Compare any two graphics cards:
GeForce GT 240 GDDR5 vs Radeon HD 7750
IntroThe GeForce GT 240 GDDR5 makes use of a 40 nm design. nVidia has clocked the core speed at 550 MHz. The GDDR5 memory is set to run at a frequency of 850 MHz on this specific model. It features 96 SPUs along with 32 Texture Address Units and 8 ROPs.
Compare that to the Radeon HD 7750, which makes use of a 28 nm design. AMD has clocked the core speed at 800 MHz. The GDDR5 RAM works at a speed of 1125 MHz on this particular model. It features 512 SPUs along with 32 Texture Address Units and 16 ROPs.
(No game benchmarks for this combination yet.)
Power Usage and Theoretical Benchmarks
Power Consumption (Max TDP)
Theoretically speaking, the Radeon HD 7750 will be 32% faster than the GeForce GT 240 GDDR5 overall, because of its greater bandwidth. (explain)
Texel RateThe Radeon HD 7750 is much (about 45%) better at anisotropic filtering than the GeForce GT 240 GDDR5. (explain)
Pixel RateThe Radeon HD 7750 should be much (approximately 191%) faster with regards to FSAA than the GeForce GT 240 GDDR5, and capable of handling higher resolutions without losing too much performance. (explain)
Please note that the above 'benchmarks' are all just theoretical - the results were calculated based on the card's specifications, and real-world performance may (and probably will) vary at least a bit.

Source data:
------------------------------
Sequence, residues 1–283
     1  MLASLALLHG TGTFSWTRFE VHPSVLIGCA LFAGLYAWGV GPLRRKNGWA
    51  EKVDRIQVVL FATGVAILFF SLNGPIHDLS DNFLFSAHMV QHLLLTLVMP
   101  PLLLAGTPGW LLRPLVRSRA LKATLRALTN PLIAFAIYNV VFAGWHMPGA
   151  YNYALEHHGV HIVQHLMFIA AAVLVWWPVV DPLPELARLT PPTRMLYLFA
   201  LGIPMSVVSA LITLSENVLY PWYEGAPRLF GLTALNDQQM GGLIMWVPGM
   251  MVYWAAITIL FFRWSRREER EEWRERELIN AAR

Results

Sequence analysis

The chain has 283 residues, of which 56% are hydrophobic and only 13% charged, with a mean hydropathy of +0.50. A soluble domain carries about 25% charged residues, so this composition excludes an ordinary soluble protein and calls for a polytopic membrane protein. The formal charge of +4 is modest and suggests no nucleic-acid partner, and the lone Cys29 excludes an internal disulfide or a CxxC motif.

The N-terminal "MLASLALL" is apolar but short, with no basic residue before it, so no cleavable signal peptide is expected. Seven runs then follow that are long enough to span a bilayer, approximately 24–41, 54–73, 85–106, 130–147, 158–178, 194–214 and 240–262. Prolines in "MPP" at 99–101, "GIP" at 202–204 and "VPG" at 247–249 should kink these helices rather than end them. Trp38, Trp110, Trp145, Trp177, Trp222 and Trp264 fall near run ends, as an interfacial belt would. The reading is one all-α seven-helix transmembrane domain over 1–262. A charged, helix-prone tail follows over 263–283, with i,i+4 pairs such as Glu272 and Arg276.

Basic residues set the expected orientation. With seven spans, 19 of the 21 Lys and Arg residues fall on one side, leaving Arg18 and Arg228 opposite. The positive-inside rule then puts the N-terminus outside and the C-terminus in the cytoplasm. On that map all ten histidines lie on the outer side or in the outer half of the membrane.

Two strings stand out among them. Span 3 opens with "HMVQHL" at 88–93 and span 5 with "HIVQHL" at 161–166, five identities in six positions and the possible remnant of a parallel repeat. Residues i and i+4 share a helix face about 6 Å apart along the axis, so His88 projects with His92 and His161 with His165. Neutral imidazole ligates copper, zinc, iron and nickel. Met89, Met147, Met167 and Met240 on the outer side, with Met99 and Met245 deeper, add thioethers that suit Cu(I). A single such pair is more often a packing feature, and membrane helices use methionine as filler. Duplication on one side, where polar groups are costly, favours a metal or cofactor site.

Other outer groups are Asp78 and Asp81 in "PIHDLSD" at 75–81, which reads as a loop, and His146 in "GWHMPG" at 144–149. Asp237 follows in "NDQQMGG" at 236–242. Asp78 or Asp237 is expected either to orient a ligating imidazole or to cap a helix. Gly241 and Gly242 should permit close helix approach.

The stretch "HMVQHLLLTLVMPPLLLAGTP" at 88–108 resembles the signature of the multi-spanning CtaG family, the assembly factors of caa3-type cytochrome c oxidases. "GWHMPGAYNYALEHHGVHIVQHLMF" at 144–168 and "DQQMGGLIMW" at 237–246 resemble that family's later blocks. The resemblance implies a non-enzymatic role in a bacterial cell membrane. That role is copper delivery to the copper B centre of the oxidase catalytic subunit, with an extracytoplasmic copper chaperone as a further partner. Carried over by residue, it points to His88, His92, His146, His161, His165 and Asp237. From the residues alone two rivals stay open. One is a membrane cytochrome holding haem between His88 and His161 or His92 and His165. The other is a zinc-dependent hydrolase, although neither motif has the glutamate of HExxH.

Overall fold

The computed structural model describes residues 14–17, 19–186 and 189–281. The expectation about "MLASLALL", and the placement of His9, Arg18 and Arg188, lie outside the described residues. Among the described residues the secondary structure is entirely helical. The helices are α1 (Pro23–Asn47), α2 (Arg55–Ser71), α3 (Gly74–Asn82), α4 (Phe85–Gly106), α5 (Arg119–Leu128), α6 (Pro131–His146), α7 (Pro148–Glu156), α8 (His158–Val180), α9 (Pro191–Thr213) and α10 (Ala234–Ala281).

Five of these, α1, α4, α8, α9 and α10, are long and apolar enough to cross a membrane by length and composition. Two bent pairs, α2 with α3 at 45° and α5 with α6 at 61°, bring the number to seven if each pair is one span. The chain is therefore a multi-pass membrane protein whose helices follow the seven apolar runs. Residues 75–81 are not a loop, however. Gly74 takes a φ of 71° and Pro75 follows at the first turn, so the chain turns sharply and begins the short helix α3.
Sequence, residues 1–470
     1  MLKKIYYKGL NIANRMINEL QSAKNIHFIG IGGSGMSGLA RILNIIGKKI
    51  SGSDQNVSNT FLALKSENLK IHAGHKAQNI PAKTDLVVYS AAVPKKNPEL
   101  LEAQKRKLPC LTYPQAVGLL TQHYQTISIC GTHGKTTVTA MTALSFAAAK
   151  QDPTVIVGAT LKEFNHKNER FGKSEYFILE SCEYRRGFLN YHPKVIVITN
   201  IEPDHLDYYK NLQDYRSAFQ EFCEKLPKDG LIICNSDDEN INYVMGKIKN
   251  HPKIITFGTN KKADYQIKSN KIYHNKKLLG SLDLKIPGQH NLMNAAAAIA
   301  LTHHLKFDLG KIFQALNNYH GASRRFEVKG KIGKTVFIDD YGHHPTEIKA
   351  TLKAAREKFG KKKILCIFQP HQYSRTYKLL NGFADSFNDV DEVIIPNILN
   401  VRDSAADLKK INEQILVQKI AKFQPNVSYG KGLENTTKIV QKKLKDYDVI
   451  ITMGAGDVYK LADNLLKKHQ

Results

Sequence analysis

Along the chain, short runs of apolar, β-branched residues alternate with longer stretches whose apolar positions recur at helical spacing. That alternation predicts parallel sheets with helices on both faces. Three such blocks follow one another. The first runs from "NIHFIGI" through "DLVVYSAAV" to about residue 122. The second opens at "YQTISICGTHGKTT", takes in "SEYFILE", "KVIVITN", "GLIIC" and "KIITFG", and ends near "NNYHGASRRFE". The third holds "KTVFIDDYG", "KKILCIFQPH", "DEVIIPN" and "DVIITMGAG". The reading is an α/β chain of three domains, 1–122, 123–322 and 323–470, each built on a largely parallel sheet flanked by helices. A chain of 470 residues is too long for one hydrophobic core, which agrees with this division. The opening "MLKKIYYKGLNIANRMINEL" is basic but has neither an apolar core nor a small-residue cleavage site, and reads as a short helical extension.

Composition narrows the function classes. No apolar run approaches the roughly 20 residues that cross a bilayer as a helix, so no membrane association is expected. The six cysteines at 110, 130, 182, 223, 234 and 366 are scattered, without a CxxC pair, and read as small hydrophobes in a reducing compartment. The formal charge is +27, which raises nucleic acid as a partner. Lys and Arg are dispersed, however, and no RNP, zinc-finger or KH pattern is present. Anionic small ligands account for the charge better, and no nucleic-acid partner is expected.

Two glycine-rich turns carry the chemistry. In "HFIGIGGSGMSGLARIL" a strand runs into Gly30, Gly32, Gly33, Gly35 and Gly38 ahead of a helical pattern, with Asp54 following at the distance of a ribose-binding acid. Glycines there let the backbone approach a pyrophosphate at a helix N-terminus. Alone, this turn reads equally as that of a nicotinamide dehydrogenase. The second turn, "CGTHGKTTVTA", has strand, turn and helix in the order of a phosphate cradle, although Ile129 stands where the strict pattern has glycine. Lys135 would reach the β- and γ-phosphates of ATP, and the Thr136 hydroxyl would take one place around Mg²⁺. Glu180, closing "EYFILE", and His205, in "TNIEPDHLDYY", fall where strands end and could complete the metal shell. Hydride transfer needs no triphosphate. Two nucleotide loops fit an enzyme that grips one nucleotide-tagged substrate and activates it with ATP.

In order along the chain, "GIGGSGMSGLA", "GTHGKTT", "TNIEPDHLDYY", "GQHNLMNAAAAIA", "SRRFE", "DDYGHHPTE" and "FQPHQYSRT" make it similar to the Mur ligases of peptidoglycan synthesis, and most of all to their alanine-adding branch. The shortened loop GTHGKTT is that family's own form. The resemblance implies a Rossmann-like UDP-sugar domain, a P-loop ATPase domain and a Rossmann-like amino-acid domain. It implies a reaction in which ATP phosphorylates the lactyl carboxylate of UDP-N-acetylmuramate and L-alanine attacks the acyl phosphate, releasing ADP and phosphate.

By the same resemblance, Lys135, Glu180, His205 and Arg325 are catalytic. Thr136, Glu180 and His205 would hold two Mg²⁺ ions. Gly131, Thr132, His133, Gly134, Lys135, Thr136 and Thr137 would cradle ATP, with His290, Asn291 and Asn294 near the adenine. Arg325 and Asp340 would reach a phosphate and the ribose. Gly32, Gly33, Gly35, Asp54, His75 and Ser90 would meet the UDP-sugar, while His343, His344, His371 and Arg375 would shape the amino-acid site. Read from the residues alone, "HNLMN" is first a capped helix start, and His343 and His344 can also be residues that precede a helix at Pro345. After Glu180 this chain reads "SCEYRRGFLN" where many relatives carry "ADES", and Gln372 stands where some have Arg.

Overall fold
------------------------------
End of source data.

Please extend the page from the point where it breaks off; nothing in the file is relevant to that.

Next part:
Please note that the price comparisons are based on search keywords - sometimes it might show cards with very similar names that are not exactly the same as the one chosen in the comparison. We do try to filter out the wrong results as best we can, though.
Memory Bandwidth: Memory bandwidth is the maximum amount of information (counted in megabytes per second) that can be transported across the external memory interface in one second. The number is calculated by multiplying the interface width by the speed of its memory. In the case of DDR type memory, it must be multiplied by 2 once again. If it uses DDR5, multiply by 4 instead. The better the bandwidth is, the faster the card will be in general. It especially helps with anti-aliasing, HDR and higher screen resolutions.
Texel Rate: Texel rate is the maximum number of texture map elements (texels) that are applied per second. This number is calculated by multiplying the total number of texture units of the card by the core speed of the chip. The better this number, the better the graphics card will be at handling texture filtering (anisotropic filtering - AF). It is measured in millions of texels processed per second.
Pixel Rate: Pixel rate is the maximum amount of pixels that the graphics card could possibly write to its local memory per second - measured in millions of pixels per second. Pixel rate is calculated by multiplying the number of ROPs by the clock speed of the card. ROPs (Raster Operations Pipelines - sometimes also referred to as Render Output Units) are responsible for filling the screen with pixels (the image). The actual pixel rate is also dependant on lots of other factors, especially the memory bandwidth - the lower the memory bandwidth is, the lower the potential to get to the max fill rate.